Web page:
How could I underestimate a writer I had never read? Well, that’s easy. People do it all the time. For me, it was a combination of my dislike of “horror” and my impressions of King, which were primarily that he a) wrote the type of horror I disliked and b) pandered to the lowest common denominator. I figured that anyone who sold so many books and had so many of those books made into films had to be a lowly panderer, right? Or, um, I guess he could also be a really good writer. For some reason, the latter never occurred to me. When I finally did realize this, though, I felt a strange mixture of emotions. On the one hand I was embarrassed. King is an excellent writer, probably better than I could ever hope to be, and yet I had dismissed him. On the other hand, though, I was excited at having found a new author. I’m not naive enough to think that all of his work is going to be stellar, but it’s clear he has exceptional talent, and I’m looking forward to reading more of his work.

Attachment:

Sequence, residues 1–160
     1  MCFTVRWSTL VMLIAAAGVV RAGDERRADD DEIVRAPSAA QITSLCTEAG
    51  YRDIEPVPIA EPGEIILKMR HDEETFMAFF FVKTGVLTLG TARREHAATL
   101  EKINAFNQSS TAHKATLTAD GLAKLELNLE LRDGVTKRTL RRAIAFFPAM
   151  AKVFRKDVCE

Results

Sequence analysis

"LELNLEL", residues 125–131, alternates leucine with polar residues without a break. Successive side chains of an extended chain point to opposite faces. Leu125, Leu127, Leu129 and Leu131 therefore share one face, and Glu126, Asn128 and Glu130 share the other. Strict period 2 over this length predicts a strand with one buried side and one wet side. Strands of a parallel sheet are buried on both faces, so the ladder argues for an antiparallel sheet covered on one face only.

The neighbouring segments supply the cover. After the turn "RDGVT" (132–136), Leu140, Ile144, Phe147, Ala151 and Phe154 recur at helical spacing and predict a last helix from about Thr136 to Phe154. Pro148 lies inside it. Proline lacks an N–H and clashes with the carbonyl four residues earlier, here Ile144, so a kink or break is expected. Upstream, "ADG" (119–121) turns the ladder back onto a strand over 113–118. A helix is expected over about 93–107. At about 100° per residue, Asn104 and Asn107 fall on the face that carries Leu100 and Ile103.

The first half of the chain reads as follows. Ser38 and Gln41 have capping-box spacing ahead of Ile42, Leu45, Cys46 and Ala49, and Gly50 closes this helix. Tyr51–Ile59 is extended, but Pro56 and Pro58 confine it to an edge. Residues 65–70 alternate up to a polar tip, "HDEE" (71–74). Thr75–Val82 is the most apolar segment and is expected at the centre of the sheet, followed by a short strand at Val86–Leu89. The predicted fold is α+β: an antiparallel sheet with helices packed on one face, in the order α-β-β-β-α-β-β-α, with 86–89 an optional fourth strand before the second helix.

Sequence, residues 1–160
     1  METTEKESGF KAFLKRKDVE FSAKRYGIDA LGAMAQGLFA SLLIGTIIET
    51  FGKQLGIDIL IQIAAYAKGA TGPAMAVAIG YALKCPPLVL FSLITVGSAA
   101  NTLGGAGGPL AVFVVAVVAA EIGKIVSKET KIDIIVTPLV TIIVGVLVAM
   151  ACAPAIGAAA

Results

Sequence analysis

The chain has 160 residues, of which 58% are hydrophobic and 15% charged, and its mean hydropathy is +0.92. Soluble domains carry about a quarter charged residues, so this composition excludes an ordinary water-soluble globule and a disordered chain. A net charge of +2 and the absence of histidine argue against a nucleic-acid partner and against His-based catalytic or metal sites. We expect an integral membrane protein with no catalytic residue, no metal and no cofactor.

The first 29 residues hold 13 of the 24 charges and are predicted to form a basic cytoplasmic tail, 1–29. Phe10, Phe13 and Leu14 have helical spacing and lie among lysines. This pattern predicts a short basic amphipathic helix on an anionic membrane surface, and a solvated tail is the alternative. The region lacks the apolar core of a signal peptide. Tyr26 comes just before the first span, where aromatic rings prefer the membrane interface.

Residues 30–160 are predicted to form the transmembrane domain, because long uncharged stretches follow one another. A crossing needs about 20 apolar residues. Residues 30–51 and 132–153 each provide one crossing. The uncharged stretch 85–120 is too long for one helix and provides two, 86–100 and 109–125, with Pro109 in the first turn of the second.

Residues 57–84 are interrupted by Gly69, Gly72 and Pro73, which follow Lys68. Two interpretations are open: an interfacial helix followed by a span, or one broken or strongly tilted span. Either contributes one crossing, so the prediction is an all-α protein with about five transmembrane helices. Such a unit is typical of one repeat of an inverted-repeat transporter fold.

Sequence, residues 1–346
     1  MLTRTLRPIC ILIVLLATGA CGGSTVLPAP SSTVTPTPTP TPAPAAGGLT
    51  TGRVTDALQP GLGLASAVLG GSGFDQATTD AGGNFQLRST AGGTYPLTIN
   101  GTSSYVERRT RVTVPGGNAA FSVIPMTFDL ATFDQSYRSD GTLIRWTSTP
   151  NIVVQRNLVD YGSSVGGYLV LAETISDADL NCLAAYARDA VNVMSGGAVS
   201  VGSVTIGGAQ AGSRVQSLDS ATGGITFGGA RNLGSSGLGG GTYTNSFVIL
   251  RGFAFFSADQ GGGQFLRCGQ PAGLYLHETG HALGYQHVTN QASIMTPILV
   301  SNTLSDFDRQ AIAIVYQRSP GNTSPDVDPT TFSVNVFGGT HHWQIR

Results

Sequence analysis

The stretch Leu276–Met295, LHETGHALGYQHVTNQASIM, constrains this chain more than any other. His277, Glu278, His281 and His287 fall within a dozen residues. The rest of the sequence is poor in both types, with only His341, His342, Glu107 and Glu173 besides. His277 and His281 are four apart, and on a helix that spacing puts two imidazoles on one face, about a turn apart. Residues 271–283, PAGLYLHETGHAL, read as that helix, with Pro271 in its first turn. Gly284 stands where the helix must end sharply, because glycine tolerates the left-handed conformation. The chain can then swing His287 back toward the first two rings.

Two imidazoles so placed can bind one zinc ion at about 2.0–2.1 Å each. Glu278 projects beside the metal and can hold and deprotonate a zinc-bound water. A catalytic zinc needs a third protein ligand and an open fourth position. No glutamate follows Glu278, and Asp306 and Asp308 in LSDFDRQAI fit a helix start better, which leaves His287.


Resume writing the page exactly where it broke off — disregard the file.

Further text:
I did finish the collection, by the way. Some of the stories weren’t even really what you could call horror at all, like “The Death of Jack Hamilton” or “In the Deathroom” (these are the only two stories that have the word “death” in the title, by the way). A lot of them dealt with supernatural themes, and I enjoyed most of them. The last story in the collection, “Luckey Quarter,” seemed to me to be a little derivative of some of the themes already covered (and to better effect) in the earlier stories, but it might have just been a quirk of placement. The story before that, “Riding the Bullet,” is a twist on an urban legend and was very enjoyable, though, so things still ended well.

There is something else for which I must thank Mr. King as well: his collection of short stories is the first time in a while I have read fiction for pleasure. Most of my reading is academic, and even the non-academic reading I’ve been doing of late has tended to be non-fiction. The last fiction work I read was Neil Gaiman’s Anansi Boys, but that was over a year ago. I had forgotten how much I liked reading a good story (or stories, as the case would be here). I can’t say that I’m going to have oodles of time for recreational reading in the near future, but I am going to try to do more of it. It certainly provides a nice counterbalance to the often dry academic reading I have to do.

Now that I have written this, it seems a bit silly, but it’s been on my mind, so up it goes. By the way, The Long Walk, written by King under the pseudonym Richard Bachman, was recommended to me, so if any family members out there were wondering what sort of books I might like for Christmas... well, there’s one, at least. (Oh, I almost forgot... happy Thanksgiving!)